1) Go to https://developer.apple.com/account/ios/identifier/bundle/create and create a new app identifier.

2) Go to https://developer.apple.com/account/ios/profile/create and create a development provisioning profile, continue with the following steps, download it and place it safely.

How to get a .p12 Certificate

If you don’t have a certificate, follow these instructions.

Otherwise, if you’re part of a team that has a valid certificate:

1) Go to https://developer.apple.com/account/ios/certificate/development and download a valid certificate.

2) Now, open Keychain Access -> Keys -> Select both private key and certificate and export them into a .p12 file, like below:


We can upload now the exported .p12 Certificate and the .mobileprovision file to the build configuration.

Also, make sure you placed these files into a safe place, because in the future you might configure other branches, so you won’t have to repeat the previous steps again.

As you can see below, AppCenter is able to verify if the build successfully runs on a real device right before distributing it.

Take note that this means more time spent on the building process.

This is how the build configuration looks like at this point.


Let’s make the magic by hitting “Save & Build”.

If your build is waiting to be processed for a few minutes, don’t worry. They won’t forget about you.

Once it’s processing, it will look like:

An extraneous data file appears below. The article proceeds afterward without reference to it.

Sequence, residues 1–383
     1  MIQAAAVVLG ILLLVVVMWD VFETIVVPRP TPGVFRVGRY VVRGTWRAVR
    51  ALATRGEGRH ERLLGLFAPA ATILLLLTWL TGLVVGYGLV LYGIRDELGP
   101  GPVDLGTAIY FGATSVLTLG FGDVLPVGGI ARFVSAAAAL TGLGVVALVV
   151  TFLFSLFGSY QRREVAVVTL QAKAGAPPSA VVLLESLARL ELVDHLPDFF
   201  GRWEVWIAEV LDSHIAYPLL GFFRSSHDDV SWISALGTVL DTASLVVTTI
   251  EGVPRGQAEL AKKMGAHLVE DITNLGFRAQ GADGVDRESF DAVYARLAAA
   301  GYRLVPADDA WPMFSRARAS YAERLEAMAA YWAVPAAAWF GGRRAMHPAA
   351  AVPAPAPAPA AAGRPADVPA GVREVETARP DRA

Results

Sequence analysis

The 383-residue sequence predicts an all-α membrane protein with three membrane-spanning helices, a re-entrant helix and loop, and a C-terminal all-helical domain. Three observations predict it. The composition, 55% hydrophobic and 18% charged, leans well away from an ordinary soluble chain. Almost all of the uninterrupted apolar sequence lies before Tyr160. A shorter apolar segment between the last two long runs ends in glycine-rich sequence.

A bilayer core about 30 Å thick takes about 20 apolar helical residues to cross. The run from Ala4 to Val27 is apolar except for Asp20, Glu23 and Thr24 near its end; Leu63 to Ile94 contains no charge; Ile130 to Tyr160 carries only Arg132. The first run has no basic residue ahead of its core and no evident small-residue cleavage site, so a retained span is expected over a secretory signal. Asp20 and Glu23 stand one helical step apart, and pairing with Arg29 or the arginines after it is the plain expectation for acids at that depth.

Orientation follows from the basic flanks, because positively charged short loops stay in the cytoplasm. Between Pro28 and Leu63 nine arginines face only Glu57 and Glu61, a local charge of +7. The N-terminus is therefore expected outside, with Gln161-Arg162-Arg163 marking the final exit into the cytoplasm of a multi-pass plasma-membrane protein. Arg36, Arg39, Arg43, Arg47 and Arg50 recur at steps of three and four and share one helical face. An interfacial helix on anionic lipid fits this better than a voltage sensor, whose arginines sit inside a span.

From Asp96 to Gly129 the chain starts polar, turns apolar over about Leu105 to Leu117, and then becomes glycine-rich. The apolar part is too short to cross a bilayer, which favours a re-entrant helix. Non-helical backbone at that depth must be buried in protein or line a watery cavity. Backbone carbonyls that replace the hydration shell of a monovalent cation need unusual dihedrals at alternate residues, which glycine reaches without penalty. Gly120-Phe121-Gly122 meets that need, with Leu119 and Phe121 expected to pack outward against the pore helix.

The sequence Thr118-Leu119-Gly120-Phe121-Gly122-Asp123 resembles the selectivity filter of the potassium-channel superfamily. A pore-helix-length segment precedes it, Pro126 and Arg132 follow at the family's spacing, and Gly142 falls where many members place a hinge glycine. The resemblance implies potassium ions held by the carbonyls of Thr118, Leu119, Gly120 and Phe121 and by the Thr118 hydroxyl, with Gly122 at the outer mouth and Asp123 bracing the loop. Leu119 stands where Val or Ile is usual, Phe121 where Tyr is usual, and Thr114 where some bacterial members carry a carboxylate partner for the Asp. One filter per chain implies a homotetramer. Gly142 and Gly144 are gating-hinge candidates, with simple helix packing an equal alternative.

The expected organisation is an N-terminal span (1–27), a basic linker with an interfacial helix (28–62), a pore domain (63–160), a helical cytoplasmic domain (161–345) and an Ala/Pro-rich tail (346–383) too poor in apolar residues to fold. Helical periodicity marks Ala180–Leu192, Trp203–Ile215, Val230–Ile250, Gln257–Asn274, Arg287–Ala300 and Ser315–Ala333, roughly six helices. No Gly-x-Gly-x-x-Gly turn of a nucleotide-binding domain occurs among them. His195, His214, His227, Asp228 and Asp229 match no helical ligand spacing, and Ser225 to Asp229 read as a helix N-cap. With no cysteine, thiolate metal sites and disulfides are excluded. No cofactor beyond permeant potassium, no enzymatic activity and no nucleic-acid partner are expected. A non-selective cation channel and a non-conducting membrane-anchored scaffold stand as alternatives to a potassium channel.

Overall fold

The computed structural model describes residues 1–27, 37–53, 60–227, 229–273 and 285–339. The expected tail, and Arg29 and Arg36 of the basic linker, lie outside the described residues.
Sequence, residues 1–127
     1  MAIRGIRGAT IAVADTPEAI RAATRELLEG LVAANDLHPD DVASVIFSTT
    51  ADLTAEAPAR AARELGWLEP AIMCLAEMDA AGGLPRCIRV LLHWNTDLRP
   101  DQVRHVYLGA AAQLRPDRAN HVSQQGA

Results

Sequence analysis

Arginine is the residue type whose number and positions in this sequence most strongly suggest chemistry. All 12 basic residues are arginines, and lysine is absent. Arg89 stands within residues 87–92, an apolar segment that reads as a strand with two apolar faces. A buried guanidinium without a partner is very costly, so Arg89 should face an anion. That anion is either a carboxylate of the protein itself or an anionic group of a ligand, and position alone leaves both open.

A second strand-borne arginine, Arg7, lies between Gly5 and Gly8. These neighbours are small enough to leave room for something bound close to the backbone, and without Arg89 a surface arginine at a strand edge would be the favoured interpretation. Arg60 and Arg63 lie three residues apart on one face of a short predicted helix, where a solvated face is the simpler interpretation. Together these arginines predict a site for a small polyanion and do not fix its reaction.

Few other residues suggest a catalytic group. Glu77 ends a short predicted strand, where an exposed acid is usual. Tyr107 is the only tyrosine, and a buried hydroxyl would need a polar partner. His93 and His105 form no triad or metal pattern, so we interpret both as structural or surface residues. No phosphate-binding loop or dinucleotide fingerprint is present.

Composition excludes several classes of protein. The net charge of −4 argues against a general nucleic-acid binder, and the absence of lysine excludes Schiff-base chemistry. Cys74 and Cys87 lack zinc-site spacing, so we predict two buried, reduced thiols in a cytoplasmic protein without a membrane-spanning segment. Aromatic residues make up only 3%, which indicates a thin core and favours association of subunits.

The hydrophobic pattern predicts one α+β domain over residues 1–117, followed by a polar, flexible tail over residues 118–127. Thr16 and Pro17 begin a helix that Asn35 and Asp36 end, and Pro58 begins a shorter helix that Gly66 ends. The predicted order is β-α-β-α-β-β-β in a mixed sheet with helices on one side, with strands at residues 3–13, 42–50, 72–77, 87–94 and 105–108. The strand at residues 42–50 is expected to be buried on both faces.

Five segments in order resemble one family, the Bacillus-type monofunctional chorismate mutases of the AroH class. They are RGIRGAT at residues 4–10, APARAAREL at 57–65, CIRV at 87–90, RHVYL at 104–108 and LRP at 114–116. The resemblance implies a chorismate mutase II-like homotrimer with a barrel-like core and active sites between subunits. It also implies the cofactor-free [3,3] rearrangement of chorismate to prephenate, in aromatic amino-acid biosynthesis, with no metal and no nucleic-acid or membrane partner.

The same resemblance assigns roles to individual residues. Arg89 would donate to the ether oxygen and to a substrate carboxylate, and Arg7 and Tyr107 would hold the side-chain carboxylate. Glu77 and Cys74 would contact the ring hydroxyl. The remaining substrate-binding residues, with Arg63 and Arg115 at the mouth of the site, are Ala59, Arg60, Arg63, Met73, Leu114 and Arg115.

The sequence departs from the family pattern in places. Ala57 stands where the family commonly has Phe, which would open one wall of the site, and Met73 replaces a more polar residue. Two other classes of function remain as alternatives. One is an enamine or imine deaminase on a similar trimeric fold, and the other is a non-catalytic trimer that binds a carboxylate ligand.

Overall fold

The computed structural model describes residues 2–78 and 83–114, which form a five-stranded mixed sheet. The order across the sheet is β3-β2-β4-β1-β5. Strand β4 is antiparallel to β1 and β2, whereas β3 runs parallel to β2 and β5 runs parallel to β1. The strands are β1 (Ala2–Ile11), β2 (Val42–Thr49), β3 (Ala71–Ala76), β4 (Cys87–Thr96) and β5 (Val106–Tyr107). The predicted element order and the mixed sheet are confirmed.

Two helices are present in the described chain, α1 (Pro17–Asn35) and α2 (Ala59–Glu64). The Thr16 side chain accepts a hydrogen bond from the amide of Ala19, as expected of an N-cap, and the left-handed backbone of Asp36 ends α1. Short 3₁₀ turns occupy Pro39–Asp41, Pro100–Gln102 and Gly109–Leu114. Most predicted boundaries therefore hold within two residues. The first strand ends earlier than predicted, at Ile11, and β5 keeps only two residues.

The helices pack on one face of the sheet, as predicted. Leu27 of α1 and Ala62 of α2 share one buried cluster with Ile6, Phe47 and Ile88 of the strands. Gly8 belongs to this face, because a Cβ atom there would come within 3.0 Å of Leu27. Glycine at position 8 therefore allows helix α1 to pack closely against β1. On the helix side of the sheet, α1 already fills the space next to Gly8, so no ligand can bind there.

That’s for iOS.

Android setup

The step for creating a new Android application is very similar with the iOS one.


Now we need to place the generated app secret into /android/app/src/main/assets/appcenter-config.json.

AppCenter’s services were linked automatically during the iOS’s steps, and now we can connect to Github.

We’ll configure the master branch for Android too.

Similar to the iOS configuration, we’ll choose to skip the build scripts, build this branch on each push and automatically increment the build number.

In order to sign the build we’re required to generate a signed APK. We’ll let AppCenter take care of setting up gradle variables and signing configuration.

We just have to generate a Keystore file by typing:

>> sudo keytool -genkey -v -keystore my-release-key.keystore -alias my-key-alias -keyalg RSA -keysize 2048 -validity 10000

We upload the generated keystore file together with placing the Key alias and the passwords into the build configuration.

Similar to iOS, we want to test the build on a real device before distributing it.

Last steps of the configuration looks like this:


To see the magic, we click on "Save & Build".

If everything is setup correctly and the code passes all tests, the build will succeed:



Once the build was successfully done, tested and distributed, the collaborators should be notified via email. The process of installing the app is straightforward.

iOS related: take note that if you created a Development Provisioning Profile, the collaborators’ devices must be added to the Provisioning Profile. Otherwise they won’t be able to install the application.

Now that we have both builds successfully configured, we push a new version of the code into the master branch.

As you can see below, our builds are queued immediately:



Testflight or HockeyApp combined with Fastlane do save a lot of time but if you need continuous build, test, release, distribution and app monitoring, AppCenter is what you want. This is definitely the future of Continuous Deployment for mobile applications.